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Saturday, June 15, 2002

The other day I was talking to a chauffeur who was driving me around in a district town. He stopped his education at 3rd grade. His father had passed away and his mother could not take up a job with two little kids in the house. So he and his older brother took up work to support the family. He is now about 30, and has a wife and two kids. He earns a decent wage. He seemed bright and hard working. “Why can’t you study now?” I asked. That set him thinking. He responded, “In my twenty three years of work at different places, no-body ever told me to study. You are the first person”. I cautioned him that education might not give him a greater income, but would certainly shore up his self-esteem and enhance understanding of the world around him. He liked the idea that he could study at this age, and that he had the ability. Now he is seriously making plans to study while on the job.

We have so many such people around us who have not had opportunity to realise their potential on account of personal circumstances. And as time passed, very few ever thought they had it in them to do anything better than what they are already doing.

A friend was recounting the story of their twenty-five year old maid – a competent person, bubbling with energy. She has energy to do everything under the sun, except study. She doesn’t even sit with her daughter and make her study. But she is interested in learning new things. My friend asked her hairdresser if she could teach her maid to manicure and pedicure. She readily agreed, but felt obliged to caution: “you will be spending a couple of thousand getting her trained. Are you sure you want her to learn all these things – she might leave you after some time.”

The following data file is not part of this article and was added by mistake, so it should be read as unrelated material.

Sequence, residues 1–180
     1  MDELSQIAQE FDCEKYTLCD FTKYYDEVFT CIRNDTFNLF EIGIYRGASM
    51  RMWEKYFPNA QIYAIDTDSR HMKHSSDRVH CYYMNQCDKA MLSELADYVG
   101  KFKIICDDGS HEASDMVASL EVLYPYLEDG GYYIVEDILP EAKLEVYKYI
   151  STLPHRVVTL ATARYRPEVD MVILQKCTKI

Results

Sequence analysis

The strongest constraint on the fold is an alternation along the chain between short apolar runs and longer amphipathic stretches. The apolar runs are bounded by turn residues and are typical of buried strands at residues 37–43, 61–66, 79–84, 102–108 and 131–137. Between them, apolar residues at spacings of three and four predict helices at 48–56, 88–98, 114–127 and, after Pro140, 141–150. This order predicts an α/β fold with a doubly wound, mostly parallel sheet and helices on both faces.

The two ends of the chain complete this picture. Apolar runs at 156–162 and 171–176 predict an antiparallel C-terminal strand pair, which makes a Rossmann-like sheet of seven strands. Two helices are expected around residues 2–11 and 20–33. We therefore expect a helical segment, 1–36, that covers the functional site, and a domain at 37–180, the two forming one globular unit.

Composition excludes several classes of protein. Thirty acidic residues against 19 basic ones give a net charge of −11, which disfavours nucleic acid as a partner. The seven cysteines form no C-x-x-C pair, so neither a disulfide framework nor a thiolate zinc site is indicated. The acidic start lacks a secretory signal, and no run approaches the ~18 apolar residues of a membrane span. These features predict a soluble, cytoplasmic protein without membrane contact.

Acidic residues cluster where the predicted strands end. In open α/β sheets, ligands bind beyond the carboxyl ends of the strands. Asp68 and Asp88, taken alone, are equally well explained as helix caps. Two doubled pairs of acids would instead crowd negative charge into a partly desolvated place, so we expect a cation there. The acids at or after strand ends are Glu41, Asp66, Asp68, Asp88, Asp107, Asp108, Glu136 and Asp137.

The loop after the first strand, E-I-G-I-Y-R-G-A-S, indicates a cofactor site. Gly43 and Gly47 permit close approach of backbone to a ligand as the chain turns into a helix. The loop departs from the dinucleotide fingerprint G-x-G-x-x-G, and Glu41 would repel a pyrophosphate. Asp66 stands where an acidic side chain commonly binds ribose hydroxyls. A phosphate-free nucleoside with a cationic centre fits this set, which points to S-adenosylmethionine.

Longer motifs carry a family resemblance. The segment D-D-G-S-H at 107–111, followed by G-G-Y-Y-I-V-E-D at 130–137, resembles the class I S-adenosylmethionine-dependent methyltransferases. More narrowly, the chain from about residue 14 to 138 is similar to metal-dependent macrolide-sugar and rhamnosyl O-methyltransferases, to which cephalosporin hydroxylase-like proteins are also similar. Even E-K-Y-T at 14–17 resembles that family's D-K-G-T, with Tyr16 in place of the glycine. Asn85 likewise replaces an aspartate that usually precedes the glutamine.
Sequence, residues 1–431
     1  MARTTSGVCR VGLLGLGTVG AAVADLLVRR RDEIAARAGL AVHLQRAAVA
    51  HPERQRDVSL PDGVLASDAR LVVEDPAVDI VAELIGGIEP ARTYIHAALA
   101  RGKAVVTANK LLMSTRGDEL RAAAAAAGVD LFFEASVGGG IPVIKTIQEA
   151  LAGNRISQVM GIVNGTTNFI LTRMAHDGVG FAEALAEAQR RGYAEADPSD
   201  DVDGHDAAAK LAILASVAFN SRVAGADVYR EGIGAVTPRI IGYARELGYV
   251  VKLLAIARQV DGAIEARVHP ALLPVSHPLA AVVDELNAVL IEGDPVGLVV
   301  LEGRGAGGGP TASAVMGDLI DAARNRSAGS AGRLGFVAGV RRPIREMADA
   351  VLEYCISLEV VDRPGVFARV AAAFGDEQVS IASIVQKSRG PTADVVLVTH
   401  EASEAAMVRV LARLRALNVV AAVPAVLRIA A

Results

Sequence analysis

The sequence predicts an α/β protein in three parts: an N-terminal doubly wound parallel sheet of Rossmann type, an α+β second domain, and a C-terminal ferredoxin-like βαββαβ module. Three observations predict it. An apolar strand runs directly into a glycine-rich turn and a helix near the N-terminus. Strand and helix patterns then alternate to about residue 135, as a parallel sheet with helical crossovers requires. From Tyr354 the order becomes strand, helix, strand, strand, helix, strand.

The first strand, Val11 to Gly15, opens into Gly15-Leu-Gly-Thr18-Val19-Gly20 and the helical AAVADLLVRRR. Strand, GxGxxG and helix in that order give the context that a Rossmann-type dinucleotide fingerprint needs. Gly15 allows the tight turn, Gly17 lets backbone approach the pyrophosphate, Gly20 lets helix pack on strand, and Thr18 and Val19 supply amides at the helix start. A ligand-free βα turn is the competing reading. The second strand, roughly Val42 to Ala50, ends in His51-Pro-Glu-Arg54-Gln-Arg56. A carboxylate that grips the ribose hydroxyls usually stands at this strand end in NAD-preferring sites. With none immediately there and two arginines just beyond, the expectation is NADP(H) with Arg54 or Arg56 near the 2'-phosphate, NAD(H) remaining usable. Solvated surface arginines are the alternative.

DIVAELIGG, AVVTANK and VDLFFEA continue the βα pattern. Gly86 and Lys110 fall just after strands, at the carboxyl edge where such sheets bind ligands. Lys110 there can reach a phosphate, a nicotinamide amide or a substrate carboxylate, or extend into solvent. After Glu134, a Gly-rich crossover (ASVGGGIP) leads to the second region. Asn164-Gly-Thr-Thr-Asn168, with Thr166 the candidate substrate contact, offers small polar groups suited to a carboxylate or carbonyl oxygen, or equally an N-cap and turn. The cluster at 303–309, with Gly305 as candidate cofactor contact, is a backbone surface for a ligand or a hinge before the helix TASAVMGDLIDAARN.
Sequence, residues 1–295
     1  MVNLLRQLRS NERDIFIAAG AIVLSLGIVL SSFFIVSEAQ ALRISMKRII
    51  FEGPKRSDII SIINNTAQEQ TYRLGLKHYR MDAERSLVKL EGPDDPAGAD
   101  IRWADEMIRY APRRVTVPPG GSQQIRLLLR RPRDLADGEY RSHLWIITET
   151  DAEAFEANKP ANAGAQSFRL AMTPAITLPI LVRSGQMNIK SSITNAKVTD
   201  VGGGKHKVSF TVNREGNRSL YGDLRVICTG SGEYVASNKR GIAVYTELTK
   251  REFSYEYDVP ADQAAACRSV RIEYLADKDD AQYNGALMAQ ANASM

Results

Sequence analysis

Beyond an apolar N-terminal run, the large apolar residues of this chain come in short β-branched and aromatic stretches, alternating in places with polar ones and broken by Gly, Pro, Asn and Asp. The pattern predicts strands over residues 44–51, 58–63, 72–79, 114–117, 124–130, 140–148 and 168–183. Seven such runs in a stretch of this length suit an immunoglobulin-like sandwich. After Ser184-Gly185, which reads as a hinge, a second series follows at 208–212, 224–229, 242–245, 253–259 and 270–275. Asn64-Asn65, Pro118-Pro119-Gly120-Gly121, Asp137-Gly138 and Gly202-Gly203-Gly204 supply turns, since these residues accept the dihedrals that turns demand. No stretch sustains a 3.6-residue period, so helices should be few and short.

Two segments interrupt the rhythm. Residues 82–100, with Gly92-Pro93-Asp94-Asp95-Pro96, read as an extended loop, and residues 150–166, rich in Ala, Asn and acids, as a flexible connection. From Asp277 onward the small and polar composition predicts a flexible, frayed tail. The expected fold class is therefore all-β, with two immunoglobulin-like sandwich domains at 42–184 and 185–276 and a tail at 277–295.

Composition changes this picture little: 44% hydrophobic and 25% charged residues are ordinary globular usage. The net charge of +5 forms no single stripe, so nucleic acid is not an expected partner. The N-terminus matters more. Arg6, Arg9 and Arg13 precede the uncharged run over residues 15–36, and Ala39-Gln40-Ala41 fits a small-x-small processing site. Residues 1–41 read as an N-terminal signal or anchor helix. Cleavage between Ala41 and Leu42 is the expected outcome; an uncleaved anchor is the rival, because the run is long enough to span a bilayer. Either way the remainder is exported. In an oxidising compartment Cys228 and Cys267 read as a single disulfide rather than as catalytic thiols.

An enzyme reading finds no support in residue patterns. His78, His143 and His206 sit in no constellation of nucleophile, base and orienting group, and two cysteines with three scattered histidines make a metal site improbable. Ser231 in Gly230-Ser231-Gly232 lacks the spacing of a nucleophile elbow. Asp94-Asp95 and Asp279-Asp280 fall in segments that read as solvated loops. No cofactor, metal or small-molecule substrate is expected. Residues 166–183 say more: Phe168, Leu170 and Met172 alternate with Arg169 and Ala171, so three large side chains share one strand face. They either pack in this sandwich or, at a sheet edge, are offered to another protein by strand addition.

These two episodes typify the dilemmas of our society. Far too many people are living lives of quiet desperation. Most people have no opportunity to fulfil their potential. But society at large is pretty cozy and comfortable with status quo. If a person, inherently capable of doing a lot more or better quality of work, does not have the opportunity to hone her skills or improve knowledge, she can never move up on the economic and social ladder. But giving her an opportunity may mean those of us who are now enjoying inexpensive domestic labour will be forced to do things on our own. That is the ultimate tragedy in our society! How can we drive our own cars, cook our own food, wash our own dishes, tend our own garden

We often overlook the fact that the societal benefit of having fully productive people far outweighs the loss to our individual comfort. If the potential of the many unskilled and semi-skilled persons is fulfilled, we as individuals benefit a lot more by getting better quality goods and services at lower prices.

Our problem is not  merely that of individuals unwilling to give up status quo. Our society does not make it easy for people to learn new things, explore exciting avenues, and make new beginnings in life. We categorize people pretty early in life, and create slots for them. We make it very hard for them to break out of those shackles. There are no easy learning opportunities, and no real support for new beginnings. Open universities and distance learning are certainly a good start, but a lot more needs to be done. But first, we of the comfortable middle classes should be willing to recognize that many around us have had no decent opportunity for a better life and to acquire greater skills. Life need not end at thirty. People should be given opportunities to overcome their early disadvantages. We should learn to encourage them to improve their skills and gain more knowledge.

Many senior citizens in the US join universities to obtain a degree. Often they are not even seeking a job or income. Such learning is great fun. Can we provide the same opportunities to those many around us whose potential is unfulfilled?

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